A Brit trampled on by a rhino in South Africa has described the “ugly encounter” from his hospital bed.
Scots student Kieran Munns said he is recovering after the horror attack in Northern Zululand, South Africa on Wednesday.
The 21-year-old, whose family are from Livingston, has been studying in the country for the past two years at Bhejane Nature Training, and had hoped to join a special team protecting the beasts.
Kieran was carrying out a foot patrol when the animal charged at him and he somehow emerged without serious injuries, he told the Daily Record.
The student said he suffered a bang on the head after one of the massive animals attacked and was then trampled on by the mother rhino’s young calf.
A search and rescue operation was launched and paramedics rushed Kieran to hospital – but he has vowed to never stop helping animals in need.
Speaking from his hospital bed in Africa, Kieran described how he would continue in his conservation efforts and held no grudges against rhinos after the incident.
He said: “I have been studying in South Africa for almost two years and had the opportunity to be part of the rhino monitoring team for the morning.
“This is an important part of rhino conservation for which I am passionate and want to be heavily involved.
“It’s true that unfortunately the encounter turned ugly due [to] unfortunate but uncontrollable circumstances and was I injured.
“But nothing more than a bang to the head from falling from the mother and my hip getting injured by being stepped on by a young calf which was with the mother black rhino.
“No serious injuries have occurred. I’m not fighting for my life, no surgery is needed and I’m making a rapid recovery.
“I absolutely love what I do and have no negative feelings towards the innocent and how it was dealt with, I still love and adore all animals including black rhino and look forward to being back in the field as soon as I’m able.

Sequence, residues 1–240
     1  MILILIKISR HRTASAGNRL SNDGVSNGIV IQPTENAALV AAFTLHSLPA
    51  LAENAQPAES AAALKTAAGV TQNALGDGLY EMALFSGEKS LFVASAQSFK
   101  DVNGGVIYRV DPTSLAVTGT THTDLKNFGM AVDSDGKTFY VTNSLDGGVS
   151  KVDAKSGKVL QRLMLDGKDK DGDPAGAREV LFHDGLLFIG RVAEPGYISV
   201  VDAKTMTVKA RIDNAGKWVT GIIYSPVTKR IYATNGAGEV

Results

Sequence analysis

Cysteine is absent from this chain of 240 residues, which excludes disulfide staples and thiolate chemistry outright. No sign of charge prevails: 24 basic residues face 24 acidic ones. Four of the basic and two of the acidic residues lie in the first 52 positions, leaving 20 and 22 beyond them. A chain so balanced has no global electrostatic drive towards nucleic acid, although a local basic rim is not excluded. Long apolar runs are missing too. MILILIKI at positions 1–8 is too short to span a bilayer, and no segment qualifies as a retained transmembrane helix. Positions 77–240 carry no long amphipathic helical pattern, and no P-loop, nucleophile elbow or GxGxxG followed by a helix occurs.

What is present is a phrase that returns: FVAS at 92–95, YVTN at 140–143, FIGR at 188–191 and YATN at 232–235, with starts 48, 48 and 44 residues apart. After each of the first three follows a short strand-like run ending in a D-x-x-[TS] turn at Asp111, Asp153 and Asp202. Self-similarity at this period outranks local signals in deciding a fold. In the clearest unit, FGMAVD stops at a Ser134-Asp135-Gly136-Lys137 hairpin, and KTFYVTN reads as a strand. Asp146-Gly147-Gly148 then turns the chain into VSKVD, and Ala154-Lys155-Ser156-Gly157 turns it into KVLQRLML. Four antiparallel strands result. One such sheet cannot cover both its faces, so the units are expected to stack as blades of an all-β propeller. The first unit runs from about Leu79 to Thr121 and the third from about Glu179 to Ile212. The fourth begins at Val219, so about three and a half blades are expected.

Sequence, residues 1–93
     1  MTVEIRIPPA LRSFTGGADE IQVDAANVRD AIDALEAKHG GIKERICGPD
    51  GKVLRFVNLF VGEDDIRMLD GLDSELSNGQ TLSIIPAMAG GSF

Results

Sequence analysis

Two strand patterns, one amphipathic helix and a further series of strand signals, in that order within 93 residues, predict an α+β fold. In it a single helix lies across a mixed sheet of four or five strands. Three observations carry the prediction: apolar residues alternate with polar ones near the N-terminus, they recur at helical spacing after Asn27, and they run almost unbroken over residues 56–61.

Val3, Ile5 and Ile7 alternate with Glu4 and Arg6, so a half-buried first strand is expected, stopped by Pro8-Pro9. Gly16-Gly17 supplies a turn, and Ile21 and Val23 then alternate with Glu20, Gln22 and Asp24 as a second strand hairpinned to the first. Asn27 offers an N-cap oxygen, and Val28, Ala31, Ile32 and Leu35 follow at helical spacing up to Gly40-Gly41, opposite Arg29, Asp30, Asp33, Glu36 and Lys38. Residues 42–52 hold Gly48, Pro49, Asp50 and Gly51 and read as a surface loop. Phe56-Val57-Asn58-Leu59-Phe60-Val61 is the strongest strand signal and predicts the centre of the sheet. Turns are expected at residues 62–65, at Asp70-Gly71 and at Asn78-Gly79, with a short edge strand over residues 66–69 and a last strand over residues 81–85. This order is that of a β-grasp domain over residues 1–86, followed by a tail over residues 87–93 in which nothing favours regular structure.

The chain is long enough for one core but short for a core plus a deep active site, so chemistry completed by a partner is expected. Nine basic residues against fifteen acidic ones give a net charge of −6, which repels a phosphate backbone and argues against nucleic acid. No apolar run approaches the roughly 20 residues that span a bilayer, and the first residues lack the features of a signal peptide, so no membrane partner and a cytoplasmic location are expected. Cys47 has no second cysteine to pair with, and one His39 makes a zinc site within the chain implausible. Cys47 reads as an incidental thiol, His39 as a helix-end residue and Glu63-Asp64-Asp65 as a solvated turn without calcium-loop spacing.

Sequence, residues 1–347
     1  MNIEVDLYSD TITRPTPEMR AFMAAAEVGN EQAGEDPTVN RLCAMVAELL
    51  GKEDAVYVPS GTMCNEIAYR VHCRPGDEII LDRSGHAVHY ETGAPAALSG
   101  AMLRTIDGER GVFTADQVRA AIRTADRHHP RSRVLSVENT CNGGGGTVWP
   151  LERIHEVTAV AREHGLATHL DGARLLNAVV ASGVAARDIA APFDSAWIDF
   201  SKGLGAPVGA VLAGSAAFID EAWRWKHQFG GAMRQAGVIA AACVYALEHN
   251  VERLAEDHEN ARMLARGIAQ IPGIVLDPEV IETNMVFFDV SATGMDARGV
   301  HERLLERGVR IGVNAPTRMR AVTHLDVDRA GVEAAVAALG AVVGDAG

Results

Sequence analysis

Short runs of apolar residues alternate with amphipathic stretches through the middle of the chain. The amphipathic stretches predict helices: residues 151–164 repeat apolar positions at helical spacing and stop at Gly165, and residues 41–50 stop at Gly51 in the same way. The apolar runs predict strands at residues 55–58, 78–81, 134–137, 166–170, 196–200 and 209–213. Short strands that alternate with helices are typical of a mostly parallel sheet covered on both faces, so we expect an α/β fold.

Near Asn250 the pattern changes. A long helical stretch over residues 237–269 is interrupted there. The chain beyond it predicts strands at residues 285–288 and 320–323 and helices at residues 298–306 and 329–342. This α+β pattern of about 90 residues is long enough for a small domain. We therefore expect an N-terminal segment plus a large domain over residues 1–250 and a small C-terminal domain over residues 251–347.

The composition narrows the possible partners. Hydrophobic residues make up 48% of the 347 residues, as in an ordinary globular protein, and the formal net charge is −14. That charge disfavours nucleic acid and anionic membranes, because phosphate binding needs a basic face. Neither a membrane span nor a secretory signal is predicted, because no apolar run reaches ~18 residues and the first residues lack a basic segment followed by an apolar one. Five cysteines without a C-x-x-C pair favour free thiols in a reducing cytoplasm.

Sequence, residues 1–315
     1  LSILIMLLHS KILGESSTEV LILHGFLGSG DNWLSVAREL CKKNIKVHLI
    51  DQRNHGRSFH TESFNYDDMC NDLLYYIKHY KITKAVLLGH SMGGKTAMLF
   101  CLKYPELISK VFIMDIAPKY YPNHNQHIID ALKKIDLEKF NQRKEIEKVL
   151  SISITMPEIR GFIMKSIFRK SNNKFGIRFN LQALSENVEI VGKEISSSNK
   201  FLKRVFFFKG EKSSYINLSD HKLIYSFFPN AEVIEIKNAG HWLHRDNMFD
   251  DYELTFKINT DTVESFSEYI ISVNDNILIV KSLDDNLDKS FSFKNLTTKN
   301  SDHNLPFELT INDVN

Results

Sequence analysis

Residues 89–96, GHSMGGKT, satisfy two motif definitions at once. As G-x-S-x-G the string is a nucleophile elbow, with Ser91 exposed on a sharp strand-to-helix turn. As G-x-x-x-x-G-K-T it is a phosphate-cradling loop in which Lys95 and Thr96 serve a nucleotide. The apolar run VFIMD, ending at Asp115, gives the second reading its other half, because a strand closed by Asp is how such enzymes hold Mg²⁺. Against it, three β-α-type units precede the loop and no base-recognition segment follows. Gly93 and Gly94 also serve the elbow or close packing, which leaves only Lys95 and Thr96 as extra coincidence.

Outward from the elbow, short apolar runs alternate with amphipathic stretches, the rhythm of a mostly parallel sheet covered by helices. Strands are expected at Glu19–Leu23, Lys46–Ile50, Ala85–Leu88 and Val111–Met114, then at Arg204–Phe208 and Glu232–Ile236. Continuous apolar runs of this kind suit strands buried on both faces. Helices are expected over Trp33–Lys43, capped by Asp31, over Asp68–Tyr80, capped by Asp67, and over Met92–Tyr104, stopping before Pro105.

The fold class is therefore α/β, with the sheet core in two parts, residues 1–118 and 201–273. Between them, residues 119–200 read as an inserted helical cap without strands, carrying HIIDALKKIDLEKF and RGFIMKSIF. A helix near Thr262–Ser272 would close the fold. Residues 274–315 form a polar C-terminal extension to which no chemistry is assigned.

“My colleagues have been exceptional.”
He added: “Of course it’s scary in the moment, but I have no negative thoughts about the whole incident and super keen to get back out there.”
A post on social media from the IPSS medical rescue service said that he was being treated at Zulu-Natal hospital.
It read: “A Scottish student has been critically injured following an encounter with a black rhino, in Northern Zululand.
“IPSS Medical Rescue was contacted and informed that the game ranger student had been on foot in a private reserve when he was trampled and gored by the rhino.
“The incident occurred earlier today and prompted a search and rescue operation by IPSS Search and Rescue as well as anti-poaching units in the area. The student was located and preparations for evacuation were initiated.
“The student was stabilised before being transported in a critical condition by road, by KZN Private EMS.”
Kieran publicly thanked his rescuers and assured everyone he was ok.
He commented: “Hi my name is Kieran I’m the student who was involved in the incident.
“I want to say a HUGE thank you to everyone who was involved, it’s heartwarming to see people who are willing to help the way you guys did.
“All is well thank the Lord, no serious injuries and could potentially be let out later today.
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“As an extra note, I have absolutely no negative comments about the incident. I love what I’m doing, still will continue as soon as I’m able.
“I still absolutely love black rhinos and look forward to seeing them again. Just maybe not as close.”
Black rhinos can be fearsome creatures that live throughout large swathes of Africa and can weigh up to 220 stones.
When they attract an unusual scent they will often charge, according to National Geographic.
Bad eye sight can lead them to charging objects like trees thinking they are threats.
Sadly they are a favourite of poachers who value their horns and they are listed as ‘critically endangered’.